Washington is AWOL right when we need them, Cramer said Friday. Will more banks fail? Will they be nationalized? The Dow reached new lows today because Wall Street didn’t have the answers to those questions. Instead of worrying about climate change, or even the war in Afghanistan, President Obama needs to focus on this financial crisis. Otherwise, Dow 6,000 is a very real possibility.
The new administration has failed to act quickly and decisively, and as a result the damage has spread far beyond just the banks. All across the market, large-cap companies have shrunk into mid-caps, and mid-caps to small-caps. Just a year ago, the 100 largest companies were worth $8 trillion. Now they’re worth $5 trillion.
But, yes, the banks are at the center of this storm. Citigroup’s market cap has plummeted to $13 billion from $125 billion, and Bank of America to $24 billion from $197 billion. Yet still we don’t know the government’s plan for saving this sector. Market opinion swings between an expectation of nationalization and the exact opposite – letting institutions fail a la Lehman Brothers on principle. For the latter group, it’s a question of moral hazard. This “Chicago trader school”approach, as Cramer called, also said that overextended homeowners – those people “underwater,” whose mortgages are worth more than their houses – should be cut loose, too.
Here’s the problem with those two theories: Nationalizing banks would wipe out their common and preferred stock, as well as their bonds. And that in turn could mean the failure of some insurers and issuers of annuities because these companies hold their money in the very preferreds and bonds that would be wiped out. Americans would watch their net worth, their nest eggs, disappear.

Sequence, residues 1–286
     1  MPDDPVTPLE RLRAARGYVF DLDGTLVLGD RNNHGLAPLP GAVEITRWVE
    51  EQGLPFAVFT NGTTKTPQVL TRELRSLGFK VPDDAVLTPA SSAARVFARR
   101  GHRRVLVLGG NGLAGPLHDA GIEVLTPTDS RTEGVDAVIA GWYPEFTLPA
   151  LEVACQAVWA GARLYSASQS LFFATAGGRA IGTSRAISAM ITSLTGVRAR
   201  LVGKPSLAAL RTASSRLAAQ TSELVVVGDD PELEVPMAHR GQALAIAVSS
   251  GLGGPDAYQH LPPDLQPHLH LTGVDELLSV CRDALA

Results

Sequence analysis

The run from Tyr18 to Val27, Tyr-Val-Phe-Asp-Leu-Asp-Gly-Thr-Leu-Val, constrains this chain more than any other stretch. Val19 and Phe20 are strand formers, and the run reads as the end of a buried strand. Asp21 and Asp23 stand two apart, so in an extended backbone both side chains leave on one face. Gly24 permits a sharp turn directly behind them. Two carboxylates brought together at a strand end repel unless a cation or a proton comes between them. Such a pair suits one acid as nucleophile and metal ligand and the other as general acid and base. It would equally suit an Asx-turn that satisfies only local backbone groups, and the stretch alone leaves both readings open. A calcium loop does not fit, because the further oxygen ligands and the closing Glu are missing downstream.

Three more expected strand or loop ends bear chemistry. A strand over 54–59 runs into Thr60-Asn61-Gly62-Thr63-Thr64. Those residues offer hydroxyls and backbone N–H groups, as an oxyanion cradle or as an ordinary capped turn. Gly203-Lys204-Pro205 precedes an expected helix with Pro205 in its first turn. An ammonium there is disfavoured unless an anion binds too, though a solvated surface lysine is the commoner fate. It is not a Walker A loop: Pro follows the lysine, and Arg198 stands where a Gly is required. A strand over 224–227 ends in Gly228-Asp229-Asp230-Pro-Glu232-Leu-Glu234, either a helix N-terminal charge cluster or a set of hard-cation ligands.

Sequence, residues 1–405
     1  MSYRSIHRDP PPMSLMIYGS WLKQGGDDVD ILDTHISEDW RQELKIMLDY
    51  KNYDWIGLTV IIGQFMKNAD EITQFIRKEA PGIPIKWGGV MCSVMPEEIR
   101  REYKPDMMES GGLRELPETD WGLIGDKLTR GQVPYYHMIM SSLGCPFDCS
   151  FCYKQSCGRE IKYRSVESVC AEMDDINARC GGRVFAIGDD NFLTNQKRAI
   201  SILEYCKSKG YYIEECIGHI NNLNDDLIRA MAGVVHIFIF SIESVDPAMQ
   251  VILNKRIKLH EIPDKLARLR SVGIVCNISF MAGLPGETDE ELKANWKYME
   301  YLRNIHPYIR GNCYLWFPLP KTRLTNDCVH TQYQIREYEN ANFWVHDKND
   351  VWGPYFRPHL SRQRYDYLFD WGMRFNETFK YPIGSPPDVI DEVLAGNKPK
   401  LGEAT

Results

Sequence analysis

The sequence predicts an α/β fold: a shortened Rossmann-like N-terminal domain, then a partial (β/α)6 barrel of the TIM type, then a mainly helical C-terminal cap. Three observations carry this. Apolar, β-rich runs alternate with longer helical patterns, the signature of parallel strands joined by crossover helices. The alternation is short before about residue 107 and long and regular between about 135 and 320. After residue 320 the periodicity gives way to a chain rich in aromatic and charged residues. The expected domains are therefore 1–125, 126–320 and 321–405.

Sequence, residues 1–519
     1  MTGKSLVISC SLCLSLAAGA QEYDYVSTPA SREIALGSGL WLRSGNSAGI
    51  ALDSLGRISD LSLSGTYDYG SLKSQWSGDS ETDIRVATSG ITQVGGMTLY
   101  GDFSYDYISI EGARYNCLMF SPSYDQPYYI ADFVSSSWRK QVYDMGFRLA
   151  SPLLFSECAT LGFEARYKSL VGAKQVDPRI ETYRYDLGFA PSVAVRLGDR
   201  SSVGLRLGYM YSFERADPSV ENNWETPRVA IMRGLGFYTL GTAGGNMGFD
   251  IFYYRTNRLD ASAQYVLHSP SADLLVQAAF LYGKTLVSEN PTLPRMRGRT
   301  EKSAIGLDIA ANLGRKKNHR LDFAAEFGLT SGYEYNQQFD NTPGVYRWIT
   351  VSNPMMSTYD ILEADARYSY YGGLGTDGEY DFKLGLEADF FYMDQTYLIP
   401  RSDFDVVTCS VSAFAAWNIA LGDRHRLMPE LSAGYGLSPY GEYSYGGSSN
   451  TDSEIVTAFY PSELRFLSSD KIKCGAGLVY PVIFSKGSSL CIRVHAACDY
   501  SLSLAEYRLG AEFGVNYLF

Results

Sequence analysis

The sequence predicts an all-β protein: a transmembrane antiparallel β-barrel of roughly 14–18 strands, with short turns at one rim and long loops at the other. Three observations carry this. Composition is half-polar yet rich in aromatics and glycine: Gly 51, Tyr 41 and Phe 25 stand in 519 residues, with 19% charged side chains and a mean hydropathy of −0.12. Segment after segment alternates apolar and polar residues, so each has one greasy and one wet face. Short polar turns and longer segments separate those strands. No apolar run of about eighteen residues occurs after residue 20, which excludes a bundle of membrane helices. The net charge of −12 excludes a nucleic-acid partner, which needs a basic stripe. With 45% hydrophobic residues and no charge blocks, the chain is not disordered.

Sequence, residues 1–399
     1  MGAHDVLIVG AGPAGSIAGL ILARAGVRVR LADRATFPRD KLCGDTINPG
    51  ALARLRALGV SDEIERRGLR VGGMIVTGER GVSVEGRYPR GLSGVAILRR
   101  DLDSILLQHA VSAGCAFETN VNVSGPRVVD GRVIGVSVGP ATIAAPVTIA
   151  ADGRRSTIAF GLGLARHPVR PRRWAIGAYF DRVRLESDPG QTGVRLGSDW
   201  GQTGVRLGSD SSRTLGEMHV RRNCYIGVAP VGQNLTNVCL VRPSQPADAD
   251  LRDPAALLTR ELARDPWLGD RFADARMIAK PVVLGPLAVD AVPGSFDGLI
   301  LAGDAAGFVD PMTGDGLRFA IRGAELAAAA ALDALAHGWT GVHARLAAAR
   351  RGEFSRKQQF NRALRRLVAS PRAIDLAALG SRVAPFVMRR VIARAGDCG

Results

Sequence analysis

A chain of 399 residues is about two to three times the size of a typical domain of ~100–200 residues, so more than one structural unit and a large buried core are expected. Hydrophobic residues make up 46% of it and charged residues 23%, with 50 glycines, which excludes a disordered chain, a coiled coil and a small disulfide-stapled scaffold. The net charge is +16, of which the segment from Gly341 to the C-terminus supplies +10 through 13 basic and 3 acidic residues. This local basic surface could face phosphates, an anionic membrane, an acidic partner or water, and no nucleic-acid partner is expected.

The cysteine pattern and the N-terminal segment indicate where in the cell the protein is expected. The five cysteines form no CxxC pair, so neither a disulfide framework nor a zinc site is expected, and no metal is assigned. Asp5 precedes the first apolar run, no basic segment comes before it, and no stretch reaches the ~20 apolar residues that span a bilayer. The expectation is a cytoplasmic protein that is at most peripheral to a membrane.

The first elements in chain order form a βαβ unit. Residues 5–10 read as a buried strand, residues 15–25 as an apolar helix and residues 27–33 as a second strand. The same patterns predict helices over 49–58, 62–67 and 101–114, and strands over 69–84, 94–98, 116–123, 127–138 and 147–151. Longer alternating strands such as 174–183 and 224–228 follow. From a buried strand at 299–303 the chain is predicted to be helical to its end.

On the flip side, the moral-hazard approach doesn’t work either. History shows that attempts to punish the “bad guys” rather than save the system have disastrous consequences. Because that was exactly Herbert Hoover’s intent, and it landed us in the Great Depression. We can’t risk that happening again.
So what to do? Cramer, of course, has a plan: The government should offer 40-year, 4% fixed-rate mortgages or refinancings to everyone – not just those overextended homeowners. Those mortgages would be valued at current market price so no one is underwater, and in return the lending banks would get Equity Participation Certificates for the excess principal left over after the revaluation. The banks would then use these certificates as money for regulator capital, with no mark-to-market rules so they can work out their problems themselves. If the homeowner sells their house at a profit, the balance would first go to the banks, and any remaining money would then go the seller.
The keys, regardless of the plan Washington puts in play, are to keep people in their homes, save the banks and create jobs. Until Obama and his team step up, the market’s down days will continue.
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